The exact distribution of H.aurescens is not known, but considered unusual since the other members of the genus have very narrow or restricted ranges, often at higher elevations in the Andes. It is widely distributed at elevations from 250m to 1150m and has been reported at elevations as high as 1450m. The northern boundary of the range is in southern Venezuela, which continues south through central Ecuador and Peru. The southern boundary is located in Bolivia. It occupies a large area of north-western Brazil where the eastern boundary of the range is found in the State of Para.
There have been several incidents of range expansion since the species was first described. Gould suggested the range was probably east of the Andes in Ecuador, Peru, and Brazil (in Zimmer). The Venezuelan population was first encountered in 1941. At this time, the southern boundary was considered to be La Pampa in Peru but H.aurescens was detected in Bolivia in 1984 and in the Brazilian state of Mato Grosso in 2004. Otherwise the species is considered sedentary.
H.aurescens is typically found in the understorey of lowland humid tropical forests, particularly near streams, and only rarely at forest edges. In Brazil it has been observed in tall forest impacted by logging, seen feeding at flowers in the canopy of -a small patch of semi-deciduous forest surrounded by terra firme. Cotton observed it in both varzea forest and terra firme but not in riverine vegetation. Another Brazilian study found them in terra firme in both the wet and dry seasons but in vrzea only during the dry season.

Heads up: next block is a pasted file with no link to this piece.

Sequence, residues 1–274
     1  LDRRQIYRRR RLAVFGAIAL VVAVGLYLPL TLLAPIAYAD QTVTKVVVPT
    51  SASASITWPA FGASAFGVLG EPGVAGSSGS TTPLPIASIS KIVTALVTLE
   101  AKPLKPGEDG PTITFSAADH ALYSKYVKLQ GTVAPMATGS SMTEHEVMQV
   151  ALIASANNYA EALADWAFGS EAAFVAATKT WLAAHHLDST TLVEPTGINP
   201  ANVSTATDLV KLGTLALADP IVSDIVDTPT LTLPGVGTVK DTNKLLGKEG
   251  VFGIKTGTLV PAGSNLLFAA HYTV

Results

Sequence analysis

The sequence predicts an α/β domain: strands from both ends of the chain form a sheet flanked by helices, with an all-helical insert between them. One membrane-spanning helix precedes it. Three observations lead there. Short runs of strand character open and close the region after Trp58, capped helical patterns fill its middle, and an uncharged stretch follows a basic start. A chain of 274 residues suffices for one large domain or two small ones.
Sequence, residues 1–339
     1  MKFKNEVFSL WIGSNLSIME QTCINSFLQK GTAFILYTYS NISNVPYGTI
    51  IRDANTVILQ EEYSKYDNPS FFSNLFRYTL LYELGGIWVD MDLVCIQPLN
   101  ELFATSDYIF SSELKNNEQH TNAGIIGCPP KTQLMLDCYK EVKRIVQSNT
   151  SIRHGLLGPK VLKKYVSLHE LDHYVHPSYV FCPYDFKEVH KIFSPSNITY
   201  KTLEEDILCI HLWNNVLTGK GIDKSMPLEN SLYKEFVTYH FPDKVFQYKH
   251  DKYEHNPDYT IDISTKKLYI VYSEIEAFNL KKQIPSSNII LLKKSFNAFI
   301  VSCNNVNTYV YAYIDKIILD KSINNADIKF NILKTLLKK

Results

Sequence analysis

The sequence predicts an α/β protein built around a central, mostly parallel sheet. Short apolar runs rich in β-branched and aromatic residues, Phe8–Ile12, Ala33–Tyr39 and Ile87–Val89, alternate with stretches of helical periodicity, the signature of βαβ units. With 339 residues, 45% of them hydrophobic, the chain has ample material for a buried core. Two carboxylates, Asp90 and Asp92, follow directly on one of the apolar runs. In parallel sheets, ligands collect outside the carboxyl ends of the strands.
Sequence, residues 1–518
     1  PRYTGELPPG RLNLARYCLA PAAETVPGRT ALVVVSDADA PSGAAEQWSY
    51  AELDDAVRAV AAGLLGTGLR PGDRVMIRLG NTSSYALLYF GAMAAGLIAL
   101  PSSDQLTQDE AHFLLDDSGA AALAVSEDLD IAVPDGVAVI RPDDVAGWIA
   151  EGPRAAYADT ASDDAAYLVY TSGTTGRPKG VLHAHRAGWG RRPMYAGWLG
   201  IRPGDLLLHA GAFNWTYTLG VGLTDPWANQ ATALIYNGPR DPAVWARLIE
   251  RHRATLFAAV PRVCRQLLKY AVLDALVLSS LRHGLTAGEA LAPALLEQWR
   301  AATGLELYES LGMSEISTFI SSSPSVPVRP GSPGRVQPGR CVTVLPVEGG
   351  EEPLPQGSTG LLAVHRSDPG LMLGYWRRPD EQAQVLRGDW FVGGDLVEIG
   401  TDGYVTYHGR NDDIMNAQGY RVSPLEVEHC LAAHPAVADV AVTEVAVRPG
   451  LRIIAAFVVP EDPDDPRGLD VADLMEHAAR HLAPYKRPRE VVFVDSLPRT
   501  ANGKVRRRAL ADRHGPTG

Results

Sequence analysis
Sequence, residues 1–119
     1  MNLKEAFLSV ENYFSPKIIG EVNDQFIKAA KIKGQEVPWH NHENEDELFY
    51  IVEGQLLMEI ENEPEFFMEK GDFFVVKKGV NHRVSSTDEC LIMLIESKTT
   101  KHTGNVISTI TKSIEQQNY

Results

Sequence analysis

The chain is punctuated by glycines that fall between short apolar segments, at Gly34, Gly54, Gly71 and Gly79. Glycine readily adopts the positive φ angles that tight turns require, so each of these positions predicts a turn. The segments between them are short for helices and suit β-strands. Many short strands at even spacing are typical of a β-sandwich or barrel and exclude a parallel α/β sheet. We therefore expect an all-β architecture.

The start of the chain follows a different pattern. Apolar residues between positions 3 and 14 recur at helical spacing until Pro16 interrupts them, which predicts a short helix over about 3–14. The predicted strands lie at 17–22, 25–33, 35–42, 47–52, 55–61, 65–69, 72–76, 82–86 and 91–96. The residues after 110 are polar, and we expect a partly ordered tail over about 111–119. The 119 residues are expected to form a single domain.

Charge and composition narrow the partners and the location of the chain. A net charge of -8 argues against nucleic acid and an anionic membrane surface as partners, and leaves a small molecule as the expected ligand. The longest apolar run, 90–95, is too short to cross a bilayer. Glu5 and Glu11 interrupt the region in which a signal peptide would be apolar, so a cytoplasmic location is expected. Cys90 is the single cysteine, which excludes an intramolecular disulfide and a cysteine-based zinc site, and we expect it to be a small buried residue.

In a one year survey in Columbia H.aurescens was found only in old secondary growth and never in young secondary growth or undisturbed understory; but was observed in primary forest in a later survey. It has been found both in mature floodplain forest and terra firme in Peru.
Like most hummingbirds, H.aurescens is primarily nectarivous supplementing the diet with small arthropods hawked from the air. Little is known about the specific diet but they have been observed feeding on Bromeliads such as Bromelia balansae and Costus sp. in Brazil. 53% of specimens examined in 1986 had traces of arthropods in the gut. While typically a generalist understorey species, they have been observed feeding from flowers in tall trees; and visiting feeding stations in Ecuador, where they showed some aggression towards other birds in the area. An extensive study on feeding guilds in Brazilian hummingbirds indicated that H.aurescens was not generally territorial but they were omitted from the analysis of food plant use due to there being too few observations, with only three specimens netted in a two year survey.
Very little is known of the reproductive biology. Breeding is thought to occur between June and September with a clutch of two eggs incubated by the female. Two descriptions of female specimens indicate their gonads are well developed in February and April; but a single male specimen obtained in February had -small gonads.
H.aurescens is classified as Least Concern by the IUCN. There are suggestions the species is in decline but not at a rate which warrants classification as endangered. Numerous studies indicate the species is present but uncommon, with many long term studies only producing small numbers of observations (E.G. Cotton 1998, Lees et al., 2013) A density of 1 individual per 100 hectares was determined in Peru when only one individual was observed in a 100Ha study site in a three month survey.